8 Ways to Design a Color Blind Friendly Website

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8 Ways to Design a Color Blind Friendly Website

Posted March 14, 2023

AudioEye

Posted March 14, 2023

Website browser with a heading for Designing for Color Blindness
Website browser with a heading for Designing for Color Blindness

When designing a website, it’s important to keep color blind accessibility in mind. Learn how to design for color blindness with these best practices.

One of the most common web design patterns today is the use of color to convey information. Think red to indicate an error or missing field, or green to indicate success.

Although these color-based cues are useful for many people, they can also present challenges for the 300 million people globally who have some form of color deficiency.

In this post, we explain the different types of color blindness and share tips on how you can design color blind friendly websites — without forgoing color entirely.

When updating your website, remember to test your site’s accessibility as you make changes.

Understanding Color Blindness

Contrary to what the term color blindness may suggest, most people with color deficiency can see pigmentation. Rather than seeing no color at all, they instead have difficulty distinguishing between certain colors.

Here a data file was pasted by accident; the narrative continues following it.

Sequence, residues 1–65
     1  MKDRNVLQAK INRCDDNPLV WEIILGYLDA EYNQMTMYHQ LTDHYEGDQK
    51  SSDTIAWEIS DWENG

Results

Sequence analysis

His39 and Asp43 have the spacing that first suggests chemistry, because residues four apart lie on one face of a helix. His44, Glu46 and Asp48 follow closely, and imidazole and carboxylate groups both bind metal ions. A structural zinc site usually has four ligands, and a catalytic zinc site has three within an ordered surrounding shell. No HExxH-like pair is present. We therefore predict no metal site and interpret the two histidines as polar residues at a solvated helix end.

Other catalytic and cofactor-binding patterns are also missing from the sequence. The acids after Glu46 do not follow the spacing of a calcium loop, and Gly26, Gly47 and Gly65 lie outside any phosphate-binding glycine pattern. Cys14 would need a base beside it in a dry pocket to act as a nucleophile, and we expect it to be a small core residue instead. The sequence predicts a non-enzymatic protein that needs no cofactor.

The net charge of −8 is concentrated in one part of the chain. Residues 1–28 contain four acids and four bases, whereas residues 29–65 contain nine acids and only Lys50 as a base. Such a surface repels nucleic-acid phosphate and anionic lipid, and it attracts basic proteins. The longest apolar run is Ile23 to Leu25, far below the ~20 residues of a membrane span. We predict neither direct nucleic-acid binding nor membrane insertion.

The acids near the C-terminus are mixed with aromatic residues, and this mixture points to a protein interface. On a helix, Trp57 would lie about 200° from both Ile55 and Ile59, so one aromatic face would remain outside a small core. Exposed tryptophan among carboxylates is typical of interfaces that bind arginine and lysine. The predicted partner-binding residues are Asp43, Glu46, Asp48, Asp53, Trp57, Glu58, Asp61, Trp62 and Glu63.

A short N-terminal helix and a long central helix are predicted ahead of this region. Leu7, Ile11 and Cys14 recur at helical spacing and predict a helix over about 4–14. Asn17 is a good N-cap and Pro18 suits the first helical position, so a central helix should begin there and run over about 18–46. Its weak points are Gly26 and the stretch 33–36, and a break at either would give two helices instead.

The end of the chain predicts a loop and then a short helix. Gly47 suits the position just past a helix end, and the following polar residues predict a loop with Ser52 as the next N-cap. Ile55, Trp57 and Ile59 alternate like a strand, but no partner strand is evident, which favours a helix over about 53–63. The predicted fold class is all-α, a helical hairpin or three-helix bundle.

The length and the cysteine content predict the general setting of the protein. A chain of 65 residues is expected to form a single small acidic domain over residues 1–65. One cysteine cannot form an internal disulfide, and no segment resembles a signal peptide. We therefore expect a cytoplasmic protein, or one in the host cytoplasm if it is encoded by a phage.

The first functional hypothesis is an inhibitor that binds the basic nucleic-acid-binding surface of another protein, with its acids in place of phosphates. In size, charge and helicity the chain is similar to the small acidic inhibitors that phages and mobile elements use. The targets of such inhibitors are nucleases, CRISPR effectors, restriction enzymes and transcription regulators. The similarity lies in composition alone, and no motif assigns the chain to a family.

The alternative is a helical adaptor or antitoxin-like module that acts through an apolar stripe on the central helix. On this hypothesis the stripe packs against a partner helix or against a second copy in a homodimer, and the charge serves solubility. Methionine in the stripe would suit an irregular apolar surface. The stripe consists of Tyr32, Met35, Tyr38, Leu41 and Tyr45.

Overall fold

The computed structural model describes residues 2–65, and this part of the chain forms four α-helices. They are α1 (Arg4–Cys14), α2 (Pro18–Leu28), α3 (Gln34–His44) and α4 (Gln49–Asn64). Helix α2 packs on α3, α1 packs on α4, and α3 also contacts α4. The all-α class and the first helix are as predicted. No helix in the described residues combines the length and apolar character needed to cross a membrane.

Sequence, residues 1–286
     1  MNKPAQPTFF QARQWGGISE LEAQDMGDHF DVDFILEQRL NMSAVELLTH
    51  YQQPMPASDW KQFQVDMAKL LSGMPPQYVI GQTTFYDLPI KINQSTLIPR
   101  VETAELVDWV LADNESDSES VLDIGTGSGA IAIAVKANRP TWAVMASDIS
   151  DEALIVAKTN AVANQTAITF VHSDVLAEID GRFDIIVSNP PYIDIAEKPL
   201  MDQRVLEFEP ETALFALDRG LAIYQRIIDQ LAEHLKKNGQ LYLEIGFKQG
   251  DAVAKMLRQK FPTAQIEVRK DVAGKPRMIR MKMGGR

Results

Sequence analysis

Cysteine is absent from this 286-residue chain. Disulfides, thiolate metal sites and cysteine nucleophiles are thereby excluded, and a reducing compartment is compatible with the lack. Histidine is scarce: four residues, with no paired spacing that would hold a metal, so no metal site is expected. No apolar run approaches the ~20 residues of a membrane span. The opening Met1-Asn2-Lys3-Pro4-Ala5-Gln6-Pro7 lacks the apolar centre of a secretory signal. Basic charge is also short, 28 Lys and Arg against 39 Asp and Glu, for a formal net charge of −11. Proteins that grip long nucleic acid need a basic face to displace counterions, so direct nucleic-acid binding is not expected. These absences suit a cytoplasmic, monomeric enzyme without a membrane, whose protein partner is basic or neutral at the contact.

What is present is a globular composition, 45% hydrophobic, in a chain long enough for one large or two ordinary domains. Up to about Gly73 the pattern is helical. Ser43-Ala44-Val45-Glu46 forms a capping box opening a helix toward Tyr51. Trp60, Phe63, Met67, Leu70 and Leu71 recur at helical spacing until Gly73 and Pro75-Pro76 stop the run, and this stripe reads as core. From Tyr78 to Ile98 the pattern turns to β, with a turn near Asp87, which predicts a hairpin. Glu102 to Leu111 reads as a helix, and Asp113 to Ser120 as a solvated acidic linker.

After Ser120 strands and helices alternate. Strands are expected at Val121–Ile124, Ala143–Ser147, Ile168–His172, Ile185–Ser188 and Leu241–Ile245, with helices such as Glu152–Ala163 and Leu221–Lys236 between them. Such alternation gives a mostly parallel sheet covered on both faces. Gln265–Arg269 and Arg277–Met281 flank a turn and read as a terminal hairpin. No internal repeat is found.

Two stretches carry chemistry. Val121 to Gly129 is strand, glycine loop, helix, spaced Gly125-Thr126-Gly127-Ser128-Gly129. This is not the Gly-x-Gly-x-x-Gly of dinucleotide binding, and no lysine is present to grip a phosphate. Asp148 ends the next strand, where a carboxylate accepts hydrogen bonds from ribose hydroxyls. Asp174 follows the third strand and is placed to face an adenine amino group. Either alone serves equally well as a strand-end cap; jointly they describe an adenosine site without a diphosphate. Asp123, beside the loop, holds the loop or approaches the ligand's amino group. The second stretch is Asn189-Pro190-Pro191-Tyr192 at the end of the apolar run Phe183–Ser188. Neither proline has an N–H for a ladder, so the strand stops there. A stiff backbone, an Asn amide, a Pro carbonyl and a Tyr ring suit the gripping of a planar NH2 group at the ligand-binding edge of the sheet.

There are three main types of color blindness:

1. Red-green color blindness: The most common type of color blindness, this causes individuals to confuse red and green. Types of red-green color blindness include:

  • Deuteranomaly: Green looks red
  • Protanomaly: Red looks green and dull
  • Protanopia/Deuteranopia: Cannot distinguish between red and green

2. Blue-yellow color blindness: Less common than red-green color blindness, this causes individuals to confuse blue and yellow. Types of blue-yellow color blindness include:

  • Tritanomaly: Makes it hard to tell the difference between yellow and red or blue and green
  • Tritanopia: Makes it hard to tell the difference between blue and green, purple and red, or yellow and pink. It also makes colors look less bright.

3. Monochromacy: The rarest form of color blindness (occurring in roughly 1 in 33,000 people), this is when an individual cannot see any colors.

Check Your Color Contrast

Check Your Color Contrast

Use a color contrast checker to see if your colors meet Web Content Accessibility Guidelines (WCAG) requirements.

Check Contrast

Best Practices for Color Blind Friendly Websites

Designing your website to be accessible for people with color deficiency doesn’t mean you have to forgo color entirely; you just need to be a bit more intentional with how you use it. Here are some best practices for designing with color blindness in mind:

1. Don’t Rely on Color Alone

The overarching theme of designing for color blindness is to not be overly reliant on color. You shouldn’t use color as the only element that gets your users’ attention — or alerts them to key information. If you do use color to communicate information, be sure to combine it with another element (such as an error message or symbol) to help people with color deficiencies follow along.

2. Use Icons and Symbols

One of the most common ways to supplement color on a website is the use of icons and symbols. For example, universal icons like exclamation points can help draw a user’s attention. Going back to the example of a missing form field, you could combine a red outline with an exclamation point to indicate an error.